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Low-income loans didn't cause the financial crisis

What caused the housing bubble and collapse of the financial system? Many fingers have pointed to a lack of regulation, financial innovation that didn't live up to its promises of risk-sharing and risk-reduction, and low interest rates from the Fed, which created an excess of liquidity.

Another cause that's often cited says the financial crisis was the result of government pressure to make subprime home loans to those at the lower end of the income scale. But recent work from the National Bureau of Economic Research provides no support for that claim.

The typical narrative is that government, through the Community Reinvestment Act (CRA) and Fannie Mae/Freddie Mac, caused lenders to reduce standards in order to make these loans. That in turn led to an abundance of loans to people who could not afford to repay them. These loans went into default in large numbers, and that fueled the financial crisis.

For instance, Rep. Scott Garrett, R-N.J., claimed in early 2007 that "The recklessness of government is the primary culprit here. For years Congress has been pushing banks to make risky subprime loans. ...Congress passed laws that said we're going to fine you and we're going to file lawsuits against you lenders if you don't make risky loans."

He was far from alone, many other Republican politicians made similar claims. Fox News also supported this argument, "Look... You go all the way back to the Community Reinvestment Act, under Jimmy Carter, expanded under Bill and Hillary Clinton -- they put the guns to the banks' heads, and said, "You have got to do these subprime loans. ...That's what caused this mess."

This is, in essence, a debate between those who claim lack of financial sector regulation caused the crisis and those who claim overregulation -- forcing banks to make loans to risky low-income borrowers -- is the culprit.

However, the new evidence from Manuel Adelino of the Fuqua School of Business at Duke University, Antoinette Schoar of the MIT Sloan School of Management and Felipe Severino of the Tuck School of Business at Dartmouth undermines this story. In their paper, "Changes in Buyer Composition and theExpansion of Credit During the Boom," the researchers found:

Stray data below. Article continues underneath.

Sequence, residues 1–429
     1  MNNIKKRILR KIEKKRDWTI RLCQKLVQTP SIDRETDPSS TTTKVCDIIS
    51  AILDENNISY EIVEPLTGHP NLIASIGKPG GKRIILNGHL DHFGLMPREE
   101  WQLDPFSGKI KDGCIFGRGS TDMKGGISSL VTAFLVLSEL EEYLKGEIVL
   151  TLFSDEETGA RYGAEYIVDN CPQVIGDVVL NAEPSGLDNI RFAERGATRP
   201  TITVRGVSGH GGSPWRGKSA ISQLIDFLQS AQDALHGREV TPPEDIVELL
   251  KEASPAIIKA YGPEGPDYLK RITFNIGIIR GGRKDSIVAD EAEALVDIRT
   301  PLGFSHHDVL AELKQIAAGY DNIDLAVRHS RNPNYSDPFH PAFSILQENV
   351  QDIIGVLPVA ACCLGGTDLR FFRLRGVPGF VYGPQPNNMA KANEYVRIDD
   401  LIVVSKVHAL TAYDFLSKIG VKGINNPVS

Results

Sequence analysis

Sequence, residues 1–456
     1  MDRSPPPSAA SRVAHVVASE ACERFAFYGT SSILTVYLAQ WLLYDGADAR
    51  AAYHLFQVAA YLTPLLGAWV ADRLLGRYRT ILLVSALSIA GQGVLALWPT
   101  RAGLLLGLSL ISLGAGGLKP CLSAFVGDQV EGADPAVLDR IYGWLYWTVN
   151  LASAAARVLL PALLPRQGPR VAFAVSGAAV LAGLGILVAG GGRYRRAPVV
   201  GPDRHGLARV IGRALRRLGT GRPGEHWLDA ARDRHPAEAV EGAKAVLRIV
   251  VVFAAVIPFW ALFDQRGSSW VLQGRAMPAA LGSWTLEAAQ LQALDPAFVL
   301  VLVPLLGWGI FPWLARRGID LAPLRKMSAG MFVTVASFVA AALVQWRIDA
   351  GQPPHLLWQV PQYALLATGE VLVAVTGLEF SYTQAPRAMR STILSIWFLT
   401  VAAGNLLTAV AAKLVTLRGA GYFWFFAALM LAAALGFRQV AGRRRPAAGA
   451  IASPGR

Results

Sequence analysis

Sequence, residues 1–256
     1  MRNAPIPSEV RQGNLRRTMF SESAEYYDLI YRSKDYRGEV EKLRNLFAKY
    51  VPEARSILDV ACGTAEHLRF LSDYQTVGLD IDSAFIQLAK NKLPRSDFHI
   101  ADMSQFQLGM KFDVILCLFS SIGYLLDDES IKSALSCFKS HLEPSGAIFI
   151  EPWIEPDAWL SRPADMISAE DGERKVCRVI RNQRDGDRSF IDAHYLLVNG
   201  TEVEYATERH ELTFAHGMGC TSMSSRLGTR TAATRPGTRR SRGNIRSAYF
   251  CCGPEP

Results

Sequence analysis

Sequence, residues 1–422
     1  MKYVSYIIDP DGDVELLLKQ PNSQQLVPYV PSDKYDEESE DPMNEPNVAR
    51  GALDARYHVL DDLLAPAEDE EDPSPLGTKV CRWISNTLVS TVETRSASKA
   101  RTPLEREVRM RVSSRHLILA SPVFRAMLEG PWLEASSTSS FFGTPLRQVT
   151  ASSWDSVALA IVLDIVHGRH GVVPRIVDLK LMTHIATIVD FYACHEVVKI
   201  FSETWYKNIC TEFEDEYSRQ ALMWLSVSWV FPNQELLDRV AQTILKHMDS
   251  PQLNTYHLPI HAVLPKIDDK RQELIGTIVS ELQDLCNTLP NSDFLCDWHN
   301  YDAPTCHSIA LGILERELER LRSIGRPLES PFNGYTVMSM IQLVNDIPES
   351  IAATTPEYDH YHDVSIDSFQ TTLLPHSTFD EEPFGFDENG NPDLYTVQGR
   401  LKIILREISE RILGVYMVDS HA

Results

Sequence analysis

"While there was a rapid expansion in overall mortgage origination during this time period, the fraction of new mortgage dollars going to each income group was stable. In other words, the poor did not represent a higher fraction of the mortgage loans originated over the period. In addition, borrowers in the middle and top of the distribution are the ones that contributed most significantly to the increase in mortgages in default after 2007. Taken together, the evidence in the paper suggests that there was no decoupling of mortgage growth from income growth where unsustainable credit was flowing disproportionally to poor people."

Lots of previous evidence supports this conclusion. For example, the Financial Crisis Inquiry Commission established by Congress concluded:

"...the CRA was not a significant factor in subprime lending or the crisis. Many subprime lenders were not subject to the CRA. Research indicates only 6% of high-cost loans -- a proxy for subprime loans -- had any connection to the law. Loans made by CRA-regulated lenders in the neighborhoods in which they were required to lend were half as likely to default as similar loans made in the same neighborhoods by independent mortgage originators not subject to the law."

Thus, in the battle over whether too much or too little regulation of the financial sector played a role in causing and exacerbating the crisis, the evidence points away from those who claim overzealous government regulation was at fault.

That's something to keep in mind as Congress does its best to dismantle the Dodd-Frank law's new financial regulation.

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